Meanwhile, my husband has been amazing. I first realized I might be depressed when I was taking high school psychology courses and saw ALL the symptoms in myself. That was the first time he held me while I cried about it, and the first time he encouraged me to find help. Eight years later, and he’s still supportive of me. He has his own mental health struggles, but he has stood by me from the very start. And I feel so, so lucky.

    Help is good. We will make it through. And we are so lucky to have such great partners in this fight. ❤

    (…So, I have this Facebook email sitting in my inbox that I keep saying, "Man, I need to reply to that." and then something shiny happens and I miss out on it. *facepalm* I'mma get on that. BRB.)

  3. First: It rocks that you are feeling better.
    Second: Thank you. A huge part of why I’m writing is to demystify the whole being crazy thing and hopefully help folks going through similar stuff. I am tickled pink that there is someone out there actually finding it helpful! See, the crazy can occasionally do a good thing!
    Third: It really really rocks you are feeling better.

  4. Mannnnn, I really relate to this. I am not usually an anxiety-prone person at all, but I was grappling with a really intense bout of it on and off for about two months before our wedding. The wedding stress (I truly did not believe I would experience wedding stress, and then I DID, BIG TIME) combined with realizing my unemployment was looking pretty indefinite combined with money combined with normal marriage cold feet combined with other personal stuff was a perfect storm for freaking the eff out. The last three weeks were downright scary sometimes–I had never known what intense anxiety feels like. BAD, it turns out.

    Ken, like Turtle (hee hee, I feel funny calling her Turtle) was a saint the whole time. I really have a lot to learn about unconditional support from him sometimes. I’ll be honest, if he were having the level-5 red zone amounts of crazy meltdowns I was having surrounding marriage and our wedding, I would not have handled it nearly as well. Isn’t it amazing to have a partner who never doubts you, even when you are driving yourself bananas with fear and self-doubt?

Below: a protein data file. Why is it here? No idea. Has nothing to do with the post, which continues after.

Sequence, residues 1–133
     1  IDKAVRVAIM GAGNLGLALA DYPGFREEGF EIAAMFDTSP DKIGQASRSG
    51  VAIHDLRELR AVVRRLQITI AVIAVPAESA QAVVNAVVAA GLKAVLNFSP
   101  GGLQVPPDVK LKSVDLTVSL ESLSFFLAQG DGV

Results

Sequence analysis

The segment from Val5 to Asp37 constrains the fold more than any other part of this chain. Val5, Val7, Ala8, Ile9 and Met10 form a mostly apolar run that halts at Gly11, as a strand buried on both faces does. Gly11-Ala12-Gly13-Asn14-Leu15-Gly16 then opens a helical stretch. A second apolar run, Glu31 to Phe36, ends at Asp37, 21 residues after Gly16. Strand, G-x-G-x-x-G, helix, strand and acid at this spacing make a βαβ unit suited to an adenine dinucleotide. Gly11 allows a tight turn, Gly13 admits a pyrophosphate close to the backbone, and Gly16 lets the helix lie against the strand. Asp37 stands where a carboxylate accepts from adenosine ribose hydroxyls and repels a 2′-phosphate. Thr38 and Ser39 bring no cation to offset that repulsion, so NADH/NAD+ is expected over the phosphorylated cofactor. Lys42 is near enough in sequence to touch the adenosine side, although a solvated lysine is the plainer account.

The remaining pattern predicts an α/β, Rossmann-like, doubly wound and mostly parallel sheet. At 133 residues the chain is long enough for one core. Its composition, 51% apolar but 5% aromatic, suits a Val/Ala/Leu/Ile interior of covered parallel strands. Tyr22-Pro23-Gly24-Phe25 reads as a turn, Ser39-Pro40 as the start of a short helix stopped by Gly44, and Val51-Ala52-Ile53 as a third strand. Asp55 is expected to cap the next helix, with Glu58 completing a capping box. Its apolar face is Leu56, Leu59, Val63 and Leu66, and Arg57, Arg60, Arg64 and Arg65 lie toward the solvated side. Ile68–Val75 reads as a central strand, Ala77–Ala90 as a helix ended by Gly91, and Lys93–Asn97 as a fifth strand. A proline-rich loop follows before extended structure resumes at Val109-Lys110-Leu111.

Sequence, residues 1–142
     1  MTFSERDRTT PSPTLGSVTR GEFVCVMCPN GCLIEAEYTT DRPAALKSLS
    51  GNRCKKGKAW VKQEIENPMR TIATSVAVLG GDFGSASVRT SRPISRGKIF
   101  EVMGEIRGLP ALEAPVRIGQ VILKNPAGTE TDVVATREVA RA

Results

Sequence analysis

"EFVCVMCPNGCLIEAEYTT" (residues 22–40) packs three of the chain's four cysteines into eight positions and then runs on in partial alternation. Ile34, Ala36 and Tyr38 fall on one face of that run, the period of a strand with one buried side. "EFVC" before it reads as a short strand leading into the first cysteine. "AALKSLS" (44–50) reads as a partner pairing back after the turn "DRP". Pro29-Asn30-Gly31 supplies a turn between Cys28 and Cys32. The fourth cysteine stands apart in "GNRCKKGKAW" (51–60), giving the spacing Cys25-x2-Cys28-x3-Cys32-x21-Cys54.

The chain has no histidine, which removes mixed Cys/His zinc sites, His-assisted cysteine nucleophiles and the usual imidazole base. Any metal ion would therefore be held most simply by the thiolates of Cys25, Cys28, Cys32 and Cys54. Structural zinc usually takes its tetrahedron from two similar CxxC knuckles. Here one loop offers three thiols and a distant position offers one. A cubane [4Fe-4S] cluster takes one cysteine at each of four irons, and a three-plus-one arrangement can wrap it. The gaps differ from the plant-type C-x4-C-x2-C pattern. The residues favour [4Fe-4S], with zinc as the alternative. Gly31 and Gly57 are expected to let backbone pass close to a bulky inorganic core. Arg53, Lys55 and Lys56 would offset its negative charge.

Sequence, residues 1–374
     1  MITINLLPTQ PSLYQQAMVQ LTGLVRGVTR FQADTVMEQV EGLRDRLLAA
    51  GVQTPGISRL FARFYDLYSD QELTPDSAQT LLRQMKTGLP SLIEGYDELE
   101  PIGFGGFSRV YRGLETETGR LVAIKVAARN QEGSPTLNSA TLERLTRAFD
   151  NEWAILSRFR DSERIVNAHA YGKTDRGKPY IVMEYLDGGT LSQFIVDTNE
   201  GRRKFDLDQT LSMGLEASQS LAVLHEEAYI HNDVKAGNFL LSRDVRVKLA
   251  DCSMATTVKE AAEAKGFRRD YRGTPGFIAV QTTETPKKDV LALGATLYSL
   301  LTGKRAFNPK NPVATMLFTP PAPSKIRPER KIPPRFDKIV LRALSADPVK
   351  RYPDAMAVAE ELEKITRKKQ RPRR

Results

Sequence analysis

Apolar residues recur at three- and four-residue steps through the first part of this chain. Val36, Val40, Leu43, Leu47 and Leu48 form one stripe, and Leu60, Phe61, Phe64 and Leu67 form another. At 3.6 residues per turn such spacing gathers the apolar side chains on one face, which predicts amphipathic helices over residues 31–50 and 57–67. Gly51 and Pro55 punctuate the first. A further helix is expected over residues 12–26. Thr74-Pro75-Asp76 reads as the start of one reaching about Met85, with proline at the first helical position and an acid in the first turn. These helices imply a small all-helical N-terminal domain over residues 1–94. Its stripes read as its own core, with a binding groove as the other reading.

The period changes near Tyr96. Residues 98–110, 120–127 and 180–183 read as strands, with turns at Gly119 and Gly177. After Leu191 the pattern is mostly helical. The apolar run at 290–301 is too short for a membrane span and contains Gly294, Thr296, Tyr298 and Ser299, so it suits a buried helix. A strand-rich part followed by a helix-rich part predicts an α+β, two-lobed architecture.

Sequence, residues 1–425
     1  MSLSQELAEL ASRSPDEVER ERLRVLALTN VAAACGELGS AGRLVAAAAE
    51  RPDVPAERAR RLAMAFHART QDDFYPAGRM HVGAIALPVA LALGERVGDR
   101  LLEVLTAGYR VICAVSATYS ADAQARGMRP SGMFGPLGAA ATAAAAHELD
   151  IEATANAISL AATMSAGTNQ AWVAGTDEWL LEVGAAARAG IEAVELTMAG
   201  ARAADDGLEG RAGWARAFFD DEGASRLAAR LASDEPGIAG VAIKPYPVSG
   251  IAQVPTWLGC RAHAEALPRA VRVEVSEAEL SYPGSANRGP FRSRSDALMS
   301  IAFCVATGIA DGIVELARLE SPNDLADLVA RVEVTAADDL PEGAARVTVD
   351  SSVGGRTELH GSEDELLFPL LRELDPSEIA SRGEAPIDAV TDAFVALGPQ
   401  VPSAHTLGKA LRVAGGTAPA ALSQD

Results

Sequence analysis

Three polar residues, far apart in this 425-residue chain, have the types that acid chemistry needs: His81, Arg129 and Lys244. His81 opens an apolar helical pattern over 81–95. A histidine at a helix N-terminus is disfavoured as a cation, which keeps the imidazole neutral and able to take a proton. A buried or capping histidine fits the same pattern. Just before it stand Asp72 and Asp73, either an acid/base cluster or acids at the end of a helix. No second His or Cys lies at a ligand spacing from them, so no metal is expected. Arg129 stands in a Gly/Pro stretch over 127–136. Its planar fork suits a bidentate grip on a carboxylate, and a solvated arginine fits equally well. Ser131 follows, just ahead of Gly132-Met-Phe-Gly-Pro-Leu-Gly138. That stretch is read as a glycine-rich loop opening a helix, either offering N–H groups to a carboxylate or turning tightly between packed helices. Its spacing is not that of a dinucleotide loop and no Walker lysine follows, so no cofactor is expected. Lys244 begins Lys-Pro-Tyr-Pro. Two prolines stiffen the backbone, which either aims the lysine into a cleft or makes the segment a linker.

5. I’m glad to hear that you’re asking for, and getting, the help that you need. And thank you for being willing to talk about it out here in the open. There’s such a stigma in this country surrounding mental health issues, and talking about our problems is the only way I see to make that stigma go away. Kudos to you for being brave enough to reach out for help and brave enough to share your stories with others.

  6. I am glad you have a good support team. I think therapy is really important and I hate the stigma attached with getting help for mental issues. I’ve seen a therapist in the past and it was one of the best things I ever did. In fact, I probably should find a new one in my new home.

    And yay for Turtle! She sounds like the best partner for you!

  7. Oh man. This post hits me at such the right time – I’m in the middle of what Carrie was talking about. I’m a month out from the wedding, I’m still unemployed, I have no idea how we’re going to get through and the anxiety and stress feels like it came out of nowhere and has landed on my head and will not move. I’ve never felt this way in my life, and it scares me. Luckily B has been a freaking rock star (and putting up with me getting mad at him over stupid things, realizing that it’s part of the bigger issue, not that I’m really mad he didn’t put a fork in the dishwasher). My dad and brother are really affected by Seasonal Affective Disorder, and I’m pretty sure that’s part of what’s going on with me right now, too. Anyway. I have no answers, but I’m glad that you’re feeling better and I’m hoping I will soon, too!